No Right of Access Under OPRA to Unfiled Discovery in NJDEP Litigation But Right of Access May Exist Under Common Law
Last month, in Drinker Biddle & Reath, L.L.P. v. New Jersey Department of Law and Public Safety, Division of Law, the Appellate Division held that un-filed discovery in an environmental lawsuit brought by the New Jersey Department of Environmental Protection was not subject to access pursuant to New Jersey’s Open Public Records Act (“OPRA”) . But the Court also found that access to such information could be compelled under the common law, depending on whether the plaintiff’s need for disclosure outweighed the State’s need for confidentiality, and remanded the matter to the trial court to conduct the appropriate balancing test.
Drinker submitted an OPRA request to the NJDEP for transcripts of expert depositions taken during the NJDEP’s litigation, none of which had been filed with the Court. The NJDEP denied the request, relying upon Estate of Frankl v. Goodyear Tire & Rubber Co., which held that un-filed discovery was not accessible under either New Jersey Court Rule 4:10-3 or Hammock v. Hoffmann-La Roche, Inc. Drinker then sued, alleging a violation of OPRA and the common-law right of access.
In denying the OPRA claim for access, the Court relied on N.J.S.A. 47:1A-9(b), which exempts from access any government record as to which any grant of confidentiality has been previously established or recognized by judicial case law. Because pre-OPRA case law had established or recognized the confidentiality of un-filed discovery materials, the Appellate Division concluded that OPRA did not require access to such materials.In addressing the common-law right of access, the Court reached a different conclusion. Applying the common-law analysis, the Court determined (i) that the un-filed transcripts were common law public records and (ii) that Drinker had the requisite interest in the records, noting that the interest required by the common law can be either a public interest or a legitimate private interest. The third part of the common-law analysis requires a Court “to balance the Plaintiff’s interest in information against the public interest in confidentiality ….” Southern N.J. Newspapers, Inc. v. Twp. of Mt. Laurel. Since the trial court failed to properly consider and balance these respective interests, the Court remanded the matter for the trial judge to conduct the appropriate balancing test.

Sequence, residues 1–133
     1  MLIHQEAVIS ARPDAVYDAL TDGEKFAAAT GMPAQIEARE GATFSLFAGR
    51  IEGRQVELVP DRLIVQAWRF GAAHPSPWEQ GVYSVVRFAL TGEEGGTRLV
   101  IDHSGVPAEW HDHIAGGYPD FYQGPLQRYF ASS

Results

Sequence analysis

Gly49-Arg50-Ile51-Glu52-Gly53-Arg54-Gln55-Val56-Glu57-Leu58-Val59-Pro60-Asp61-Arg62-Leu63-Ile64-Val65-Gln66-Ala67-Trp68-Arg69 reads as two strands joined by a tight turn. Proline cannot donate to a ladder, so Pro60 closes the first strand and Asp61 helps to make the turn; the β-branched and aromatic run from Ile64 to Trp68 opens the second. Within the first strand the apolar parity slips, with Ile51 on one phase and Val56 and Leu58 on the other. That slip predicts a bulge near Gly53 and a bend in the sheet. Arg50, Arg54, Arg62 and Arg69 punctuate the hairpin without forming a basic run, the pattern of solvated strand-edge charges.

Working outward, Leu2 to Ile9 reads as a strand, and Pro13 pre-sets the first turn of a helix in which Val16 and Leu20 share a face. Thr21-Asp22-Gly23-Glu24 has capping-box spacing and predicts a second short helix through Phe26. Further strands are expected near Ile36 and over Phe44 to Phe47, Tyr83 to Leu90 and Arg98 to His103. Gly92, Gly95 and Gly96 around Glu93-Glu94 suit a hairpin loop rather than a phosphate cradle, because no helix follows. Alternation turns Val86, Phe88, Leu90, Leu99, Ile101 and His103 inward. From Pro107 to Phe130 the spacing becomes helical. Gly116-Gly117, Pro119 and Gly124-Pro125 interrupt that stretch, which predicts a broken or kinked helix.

Using the common law to obtain government records, specifically records exempt under OPRA, is not a novel proposition. In The Home News v. State of New Jersey Department of Health, et al., the New Jersey Supreme Court held that the fact that a government record was not accessible under the predecessor statute to OPRA, the Right to Know Law, was not dispositive of whether there is a common-law right to inspect a government record. Rather, such an exemption weighs “very heavily” in the balancing process under the common law as a determination of the need for confidentiality.
Drinker’s applicability as a vehicle to obtain un-filed discovery is limited, however. It applies only when such documents meet the common-law test of a public record, that is, a record made or maintained by public officers in the exercise of their public functions. It will not, then, apply to forms of un-filed discovery which do not qualify as common-law public records.